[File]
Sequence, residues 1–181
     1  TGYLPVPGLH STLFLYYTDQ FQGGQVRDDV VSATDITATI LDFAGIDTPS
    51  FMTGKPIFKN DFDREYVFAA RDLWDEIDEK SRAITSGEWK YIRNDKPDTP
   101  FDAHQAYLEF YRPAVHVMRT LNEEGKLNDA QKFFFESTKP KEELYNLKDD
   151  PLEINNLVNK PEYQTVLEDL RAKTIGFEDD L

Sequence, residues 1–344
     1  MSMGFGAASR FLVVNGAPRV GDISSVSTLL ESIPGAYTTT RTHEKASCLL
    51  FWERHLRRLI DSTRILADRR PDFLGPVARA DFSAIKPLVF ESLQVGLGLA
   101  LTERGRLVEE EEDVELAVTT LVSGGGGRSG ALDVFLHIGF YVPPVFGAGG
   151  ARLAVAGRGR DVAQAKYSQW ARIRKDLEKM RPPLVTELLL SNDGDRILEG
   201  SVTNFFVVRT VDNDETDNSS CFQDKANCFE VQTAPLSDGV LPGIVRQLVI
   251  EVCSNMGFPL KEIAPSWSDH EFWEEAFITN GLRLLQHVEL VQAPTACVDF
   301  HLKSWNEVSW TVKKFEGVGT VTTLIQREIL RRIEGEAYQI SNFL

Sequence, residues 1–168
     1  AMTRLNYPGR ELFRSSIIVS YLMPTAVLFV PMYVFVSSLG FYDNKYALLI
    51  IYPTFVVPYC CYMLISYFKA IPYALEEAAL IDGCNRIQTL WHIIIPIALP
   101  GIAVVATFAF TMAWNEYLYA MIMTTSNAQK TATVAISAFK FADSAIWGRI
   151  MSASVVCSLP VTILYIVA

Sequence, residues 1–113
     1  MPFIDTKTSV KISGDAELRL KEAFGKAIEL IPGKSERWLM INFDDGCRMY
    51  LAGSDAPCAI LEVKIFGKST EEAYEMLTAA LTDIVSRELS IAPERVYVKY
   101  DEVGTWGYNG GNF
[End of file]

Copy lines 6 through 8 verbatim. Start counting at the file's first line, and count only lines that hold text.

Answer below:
Sequence, residues 1–344
     1  MSMGFGAASR FLVVNGAPRV GDISSVSTLL ESIPGAYTTT RTHEKASCLL
    51  FWERHLRRLI DSTRILADRR PDFLGPVARA DFSAIKPLVF ESLQVGLGLA